You want to make your screens interactive but don’t know where to start?
Maybe you make your prototypes using the same old tools and don’t have much time to look for alternatives?
Either way, this article is for you.
“You cannot mandate productivity, you must provide the tools to let people become their best”—Steve Jobs.
Having the right tools for the right Steve (joke) is more important than ever. As designers we’re lucky. Specifically, if you’re interested in product design, there are many options available … which also means it can be hard to keep up.
I’ve decided to save you some time and provide a little tour of the software tools’ landscape.
Here are the ones under review:
They don’t all operate in the same space. Some focus on prototyping, others on full design > prototype > collaboration workflow.
As the use cases are quite broad, it is almost impossible to conduct a fair comparison on them.
In order to be impartial, I gave myself 1 hour to download, learn and reproduce as much as possible of a reference prototype (See above).
It’s simple and includes:
A timed out transition,
A spinning loader,
A few tap interactions,
A horizontal scroll.
Rating the Design tools objectively and subjectively
Objective criteria (price, platform, features and so on): Keep in mind that the features listed grow more rapidly than I can write.
Subjective criteria (Micro interactions, Macro interactions, etc.): I am hoping your experience and needs are not too far from mine… Photoshop, Sketch, After Effects, Invision, html+css… are no strangers to me.
Design Prototyping Tools
The primary take away from my study is that features are not everything!
On paper, solutions like JustinMind, Anima and Supernova have it all; but they fall short in execution – by being slow and unstable.
Pioneering solutions Axure and Balsamiq have a hard time catching up because they focus on functionality rather than user-workflow and experience.
At the other end of the spectrum, solutions like Adobe XD do really well in the execution – they are solid, fast and reliable, but they fall short in the available feature set (basic stroke styles or on hover behaviors).
It is fair for Adobe to rely on their wonderful ecosystem of products like Photoshop and Illustrator for the design aspect; but in my opinion they need to provide more powerful interaction and animation tools. That said, I will test the upcoming releases of XD as I believe that Adobe is on the right path!
Apart from these, we have the Quartz Composer-based solutions: Origami, Form and Unreal Engine for the gamers. They require a different mindset than the traditional timeline-type approach. If you’re familiar with it, you’ll do great; otherwise you better make some coffee and get ready to watch a few tutorials…!
Browser-only solutions or iFrame-like applications such as Atomic.io, proto.io, UXPin, etc. scare me deeply. It’s a huge risk. I don’t know many designers who would take the leap of not having access to their files when travelling or when the Internet connection is slow .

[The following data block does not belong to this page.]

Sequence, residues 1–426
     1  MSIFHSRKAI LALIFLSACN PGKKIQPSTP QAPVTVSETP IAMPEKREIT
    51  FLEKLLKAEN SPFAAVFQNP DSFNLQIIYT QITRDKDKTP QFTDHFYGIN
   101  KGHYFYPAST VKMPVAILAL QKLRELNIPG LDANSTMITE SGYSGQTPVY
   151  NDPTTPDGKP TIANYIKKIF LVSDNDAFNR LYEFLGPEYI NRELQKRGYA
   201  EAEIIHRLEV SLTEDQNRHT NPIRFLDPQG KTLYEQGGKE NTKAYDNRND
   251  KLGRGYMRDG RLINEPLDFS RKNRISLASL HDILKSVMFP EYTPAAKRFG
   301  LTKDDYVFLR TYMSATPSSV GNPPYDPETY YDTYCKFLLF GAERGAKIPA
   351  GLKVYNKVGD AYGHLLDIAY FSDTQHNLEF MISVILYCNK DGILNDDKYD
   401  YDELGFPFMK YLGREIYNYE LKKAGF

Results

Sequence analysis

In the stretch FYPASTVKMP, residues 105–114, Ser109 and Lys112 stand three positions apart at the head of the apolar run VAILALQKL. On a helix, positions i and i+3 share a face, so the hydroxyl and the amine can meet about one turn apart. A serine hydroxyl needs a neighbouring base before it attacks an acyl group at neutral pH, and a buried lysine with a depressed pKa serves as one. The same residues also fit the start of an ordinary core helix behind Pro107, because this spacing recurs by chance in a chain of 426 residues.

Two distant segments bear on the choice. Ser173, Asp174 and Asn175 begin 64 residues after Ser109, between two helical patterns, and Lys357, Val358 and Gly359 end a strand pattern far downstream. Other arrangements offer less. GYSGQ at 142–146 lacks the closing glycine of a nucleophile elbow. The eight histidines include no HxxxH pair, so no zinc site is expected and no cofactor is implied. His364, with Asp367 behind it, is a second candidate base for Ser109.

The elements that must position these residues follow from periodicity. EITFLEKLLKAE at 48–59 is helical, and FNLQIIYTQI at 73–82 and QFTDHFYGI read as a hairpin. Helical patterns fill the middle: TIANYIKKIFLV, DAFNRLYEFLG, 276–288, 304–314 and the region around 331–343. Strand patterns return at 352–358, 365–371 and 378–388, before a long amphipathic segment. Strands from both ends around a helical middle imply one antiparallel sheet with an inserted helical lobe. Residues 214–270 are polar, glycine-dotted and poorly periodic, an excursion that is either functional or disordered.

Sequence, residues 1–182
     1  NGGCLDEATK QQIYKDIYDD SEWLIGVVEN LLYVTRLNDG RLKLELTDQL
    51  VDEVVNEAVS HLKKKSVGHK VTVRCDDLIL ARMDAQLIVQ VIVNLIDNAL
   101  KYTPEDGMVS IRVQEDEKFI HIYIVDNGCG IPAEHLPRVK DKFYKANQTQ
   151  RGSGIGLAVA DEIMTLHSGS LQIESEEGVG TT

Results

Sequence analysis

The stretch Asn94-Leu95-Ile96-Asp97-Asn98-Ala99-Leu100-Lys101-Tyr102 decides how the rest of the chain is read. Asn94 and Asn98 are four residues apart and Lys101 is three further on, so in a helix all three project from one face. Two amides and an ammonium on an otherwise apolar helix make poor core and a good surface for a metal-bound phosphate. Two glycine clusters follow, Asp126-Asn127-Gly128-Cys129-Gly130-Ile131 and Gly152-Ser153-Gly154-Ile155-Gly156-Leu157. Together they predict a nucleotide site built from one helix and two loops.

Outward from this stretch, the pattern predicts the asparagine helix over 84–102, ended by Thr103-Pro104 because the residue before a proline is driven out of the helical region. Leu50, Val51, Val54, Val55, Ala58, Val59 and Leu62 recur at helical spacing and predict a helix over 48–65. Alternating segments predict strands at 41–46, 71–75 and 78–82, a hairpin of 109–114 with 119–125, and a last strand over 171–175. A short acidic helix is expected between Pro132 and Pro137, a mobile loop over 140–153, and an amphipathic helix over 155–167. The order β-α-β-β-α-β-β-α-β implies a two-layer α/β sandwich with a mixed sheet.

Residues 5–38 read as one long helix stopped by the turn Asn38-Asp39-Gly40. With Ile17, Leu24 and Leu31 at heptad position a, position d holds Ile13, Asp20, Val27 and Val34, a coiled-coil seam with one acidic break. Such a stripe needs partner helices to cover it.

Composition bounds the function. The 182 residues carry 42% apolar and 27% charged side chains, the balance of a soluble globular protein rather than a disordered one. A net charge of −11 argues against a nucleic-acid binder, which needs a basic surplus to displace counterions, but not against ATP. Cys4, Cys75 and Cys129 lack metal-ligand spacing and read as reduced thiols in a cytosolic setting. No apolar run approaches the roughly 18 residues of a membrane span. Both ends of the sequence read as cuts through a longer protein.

My tool of choice is Sketch. Simple and powerful. It is now moving towards the prototyping space. Although helpful for simple click-through prototypes, the Sketch+Invision or Sketch+Marvel combination is still a safer choice for full spectrum solutions (design, prototype and share). Invision Studio, still in Beta, is promising. The approach of mirroring Sketch’s design features shows its limits though.
Let’s not forget what brought many designers from Photoshop to Sketch in the first place – a fast and simple design tool with thousands of extensions. The open file format (json+images) enables our community to create what a single company would never be able to build.
Webflow is a content management system like WordPress, Drupal or SquareSpace. So why am I putting it in this evaluation? If you are working on a B2C responsive website, e.g. an e-commerce platform, and want to use Google Analytics or a custom html component, it gives you the freedom to do that and more without having to code. The sky’s the limit. https://webflow.com/designer
Although the standalone application is dearly missed, Atomic.io still mastered the implementation of dynamic data. A simple connection to a Google Sheet and you’re all set. No need for complex API or Json integrations. https://atomic.io/features
Principle and Flinto play it simple and I like that. If you want to do an animated loader or simulate a few custom animations and don’t want to spend days learning After Effects these tools are the way to go.
Half code, half visual, Framer sits in the middle. If you are not scared of Coffee Script it is a powerful tool. They’ve introduced more functionality and, in my opinion, if you are familiar with front end (html, css, js), you may prefer the spartan interface.
If you are code-phobic, you may want to explore more visual tools like Protopie. An intuitive interface and a plethora of triggers (basics, conditional and sensor) provide all you need to play. It even allows cross-platform prototypes which I haven’t seen anywhere else. https://www.protopie.io/learn/bridge/
A prototype is not an end; it’s a means to an end.
It’s about translating a brand or a product’s identity beyond static visuals. Successful products understand this and focus on user-experience rather than features.
There really isn’t a one-fit for all and I don’t believe there’s one perfect solution… yet. I’m convinced you can find the best solution that works for you.
I will also keep an eye on Sketch (prototyping features), Adobe XD, Invision Studio (Beta) and webflow.com. They have shown great strength in their own way and may become the next big thing this year.